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fire science: demonstration of smoke burning  RSS feed

 
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Two lessons here:

1) smoke is a fuel

2) candles give off more smoke than you might think


 
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Oh ; Thats cool !
 
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This is brillant!
 
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AND!!

This should be made a permanent "sticky" at the top of RMH forum for anyone thinking that "wood burning masonry heaters" are not the best form of wood combustion and fulling integratable into holistic, sustainable, and healthy natural building practices. Because of what is demonstrated in the video, these types of wood burning devices capture more fuel out of every piece of wood burned...and...do not... contribute to the often claimed "indoor air pollution" so many modern builders suggest we dwell on.

Excellent demonstration of the uses in "regasificationary burn!"

THANKS PAUL !!
 
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YES ! Candles are a source of Soot and Nano Soot production that is hard for most people to understand as more than an intellectual exercise !

Frequent burning of candles inside a house comes with a guarantee that those spider webs up by the ceiling that you never saw before now will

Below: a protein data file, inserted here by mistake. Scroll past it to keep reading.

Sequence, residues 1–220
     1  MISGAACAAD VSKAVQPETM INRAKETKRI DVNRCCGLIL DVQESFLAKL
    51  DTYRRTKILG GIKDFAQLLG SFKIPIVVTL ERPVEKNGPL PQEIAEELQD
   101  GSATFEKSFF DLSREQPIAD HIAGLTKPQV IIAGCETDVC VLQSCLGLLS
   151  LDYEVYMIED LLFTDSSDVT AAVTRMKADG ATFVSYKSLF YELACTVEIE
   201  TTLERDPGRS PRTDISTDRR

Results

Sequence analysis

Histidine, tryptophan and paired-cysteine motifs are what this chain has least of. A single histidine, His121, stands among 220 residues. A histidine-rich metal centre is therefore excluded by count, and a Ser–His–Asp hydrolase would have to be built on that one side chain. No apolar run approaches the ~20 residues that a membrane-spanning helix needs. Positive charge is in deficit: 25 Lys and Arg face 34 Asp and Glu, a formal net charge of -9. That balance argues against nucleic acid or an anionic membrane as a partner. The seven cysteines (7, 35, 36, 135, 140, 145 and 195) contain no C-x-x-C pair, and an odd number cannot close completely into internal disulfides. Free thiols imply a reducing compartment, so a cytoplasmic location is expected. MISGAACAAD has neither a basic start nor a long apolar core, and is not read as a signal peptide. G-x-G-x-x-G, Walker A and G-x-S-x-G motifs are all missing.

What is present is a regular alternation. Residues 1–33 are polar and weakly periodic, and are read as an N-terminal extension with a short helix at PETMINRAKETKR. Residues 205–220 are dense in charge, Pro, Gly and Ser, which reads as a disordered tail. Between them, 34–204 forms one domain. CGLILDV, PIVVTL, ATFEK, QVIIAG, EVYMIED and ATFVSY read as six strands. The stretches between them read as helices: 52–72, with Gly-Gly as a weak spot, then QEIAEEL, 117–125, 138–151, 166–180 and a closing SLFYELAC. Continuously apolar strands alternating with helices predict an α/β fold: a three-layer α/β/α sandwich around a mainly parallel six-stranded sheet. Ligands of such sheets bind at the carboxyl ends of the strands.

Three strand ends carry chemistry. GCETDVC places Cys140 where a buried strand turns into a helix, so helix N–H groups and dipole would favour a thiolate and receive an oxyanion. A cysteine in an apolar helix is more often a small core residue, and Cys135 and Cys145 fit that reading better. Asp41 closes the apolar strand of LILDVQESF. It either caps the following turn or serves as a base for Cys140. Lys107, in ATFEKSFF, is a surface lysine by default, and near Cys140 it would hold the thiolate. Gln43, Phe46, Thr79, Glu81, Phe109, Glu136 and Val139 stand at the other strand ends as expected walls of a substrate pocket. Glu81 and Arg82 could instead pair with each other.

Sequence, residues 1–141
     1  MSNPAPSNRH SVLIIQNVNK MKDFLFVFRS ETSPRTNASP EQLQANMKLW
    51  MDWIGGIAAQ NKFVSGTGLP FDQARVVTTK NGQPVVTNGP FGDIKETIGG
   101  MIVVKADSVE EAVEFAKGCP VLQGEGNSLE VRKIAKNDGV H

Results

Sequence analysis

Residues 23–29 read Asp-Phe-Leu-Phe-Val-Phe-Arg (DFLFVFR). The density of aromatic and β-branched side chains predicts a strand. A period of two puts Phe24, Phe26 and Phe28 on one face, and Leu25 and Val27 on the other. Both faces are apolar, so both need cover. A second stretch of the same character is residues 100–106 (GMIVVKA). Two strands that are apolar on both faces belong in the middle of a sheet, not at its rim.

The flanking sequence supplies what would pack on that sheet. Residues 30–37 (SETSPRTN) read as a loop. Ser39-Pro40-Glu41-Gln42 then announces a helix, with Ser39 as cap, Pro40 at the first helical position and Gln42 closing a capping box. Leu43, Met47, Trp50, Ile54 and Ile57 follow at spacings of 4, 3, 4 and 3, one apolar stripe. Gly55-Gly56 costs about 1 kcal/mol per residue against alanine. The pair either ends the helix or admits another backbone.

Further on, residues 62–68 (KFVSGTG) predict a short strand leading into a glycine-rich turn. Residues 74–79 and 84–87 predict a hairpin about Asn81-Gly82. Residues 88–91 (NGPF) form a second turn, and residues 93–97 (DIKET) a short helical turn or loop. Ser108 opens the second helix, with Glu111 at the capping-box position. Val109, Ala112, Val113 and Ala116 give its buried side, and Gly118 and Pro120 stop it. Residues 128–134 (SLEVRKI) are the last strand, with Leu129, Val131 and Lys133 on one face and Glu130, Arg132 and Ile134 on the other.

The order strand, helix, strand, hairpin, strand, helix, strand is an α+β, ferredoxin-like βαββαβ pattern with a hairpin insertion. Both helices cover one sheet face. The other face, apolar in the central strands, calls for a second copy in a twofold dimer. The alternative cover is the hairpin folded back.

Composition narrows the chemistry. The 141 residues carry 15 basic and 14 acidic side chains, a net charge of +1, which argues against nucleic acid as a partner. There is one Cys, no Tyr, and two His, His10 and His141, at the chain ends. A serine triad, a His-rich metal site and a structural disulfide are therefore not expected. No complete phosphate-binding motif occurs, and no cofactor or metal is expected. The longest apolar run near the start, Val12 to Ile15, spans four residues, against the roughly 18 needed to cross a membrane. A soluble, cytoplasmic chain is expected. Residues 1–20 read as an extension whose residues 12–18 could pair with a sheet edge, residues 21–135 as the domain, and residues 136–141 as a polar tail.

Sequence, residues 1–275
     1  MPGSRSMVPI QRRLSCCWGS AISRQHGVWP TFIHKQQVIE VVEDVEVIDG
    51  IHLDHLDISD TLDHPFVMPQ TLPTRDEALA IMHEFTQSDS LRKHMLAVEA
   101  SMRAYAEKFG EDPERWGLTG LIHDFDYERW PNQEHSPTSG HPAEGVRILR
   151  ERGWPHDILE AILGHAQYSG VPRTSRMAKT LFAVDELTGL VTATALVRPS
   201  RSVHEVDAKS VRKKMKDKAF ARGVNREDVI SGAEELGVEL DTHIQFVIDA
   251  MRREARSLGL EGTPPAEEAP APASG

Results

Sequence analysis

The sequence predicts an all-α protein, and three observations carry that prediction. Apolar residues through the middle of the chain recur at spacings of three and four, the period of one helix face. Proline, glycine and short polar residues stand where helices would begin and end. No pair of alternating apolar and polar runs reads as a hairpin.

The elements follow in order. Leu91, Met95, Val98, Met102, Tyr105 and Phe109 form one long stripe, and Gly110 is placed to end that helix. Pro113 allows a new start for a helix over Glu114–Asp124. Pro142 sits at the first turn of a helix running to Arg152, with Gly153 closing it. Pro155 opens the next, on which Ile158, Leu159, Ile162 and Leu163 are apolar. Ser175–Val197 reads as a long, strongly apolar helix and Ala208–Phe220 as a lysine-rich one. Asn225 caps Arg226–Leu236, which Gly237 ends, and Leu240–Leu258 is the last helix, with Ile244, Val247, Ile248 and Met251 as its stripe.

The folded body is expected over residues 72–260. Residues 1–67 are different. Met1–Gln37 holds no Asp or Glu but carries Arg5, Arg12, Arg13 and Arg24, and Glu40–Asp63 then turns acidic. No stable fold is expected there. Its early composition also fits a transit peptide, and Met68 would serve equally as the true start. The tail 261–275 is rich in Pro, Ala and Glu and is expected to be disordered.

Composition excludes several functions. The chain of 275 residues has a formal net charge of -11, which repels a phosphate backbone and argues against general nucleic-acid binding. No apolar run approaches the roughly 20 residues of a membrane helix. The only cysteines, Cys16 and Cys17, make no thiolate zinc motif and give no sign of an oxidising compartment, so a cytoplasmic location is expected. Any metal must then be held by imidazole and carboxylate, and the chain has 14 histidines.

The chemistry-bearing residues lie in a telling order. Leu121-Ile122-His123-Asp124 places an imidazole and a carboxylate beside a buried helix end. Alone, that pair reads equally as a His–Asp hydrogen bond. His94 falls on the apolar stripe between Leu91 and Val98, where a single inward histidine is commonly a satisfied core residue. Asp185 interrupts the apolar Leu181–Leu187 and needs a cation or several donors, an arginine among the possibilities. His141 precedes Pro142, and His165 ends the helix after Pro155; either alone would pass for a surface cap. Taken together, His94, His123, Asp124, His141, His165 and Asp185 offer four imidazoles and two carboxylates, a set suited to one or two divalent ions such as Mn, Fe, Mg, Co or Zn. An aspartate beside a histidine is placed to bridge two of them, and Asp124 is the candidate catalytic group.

be outlined in black !

Frequent use of (especially of petroleum based candles) candles will highlight this Arachnid Artwork faster that escaping smoke form well tuned
heating appliances !

The Important thing in duplicating this experiment is to use a used candle with a previously burned/carbonized wick !

Yes I tried it both ways, the used candle always works best, the Candles in my '' Oops, the power just went out '' are all pre-lite, with Carbonized
wicks! This is where I keep a stash of Empty Lighters that can still throw a hot spark !


After I get The House-Core lit- that is soon enough to trim wicks for longevity, the shorter the wick the less smoke particles I THINK

For the Good Of the Craft ! Big AL !
 
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allen lumley wrote:
Frequent burning of candles inside a house comes with a guarantee that those spider webs up by the ceiling that you never saw before now will
be outlined in black !

Frequent use of (especially of petroleum based candles) candles will highlight this Arachnid Artwork faster that escaping smoke form well tuned
heating appliances !



Al, did you know these webs aren't actually caused by spiders? Every time I see a fire (I do property insurance claims), the wife is mortified at all the webs that she never noticed before. She didn't notice them before because they weren't there! It's the smoke itself- it ionizes and sticks to itself, forming long chains. Intuitively, it seems like it must be new smoke getting stuck on existing webs and making them visible, but it's not. Brand new webs, built out of smoke.

Here's a decent photo from a recent job. There are little carbon chains hanging down from the ceiling every few inches.
 
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Am i gonna be nitpicky or what?


Well, is this smoke or parafin steam? Actualy, what do we call smoke?

I leave you to find the reply, as i am not scientificaly oriented enough. And drunk as a skunk (duh, not that much, i can type! )


Best regards.

Max.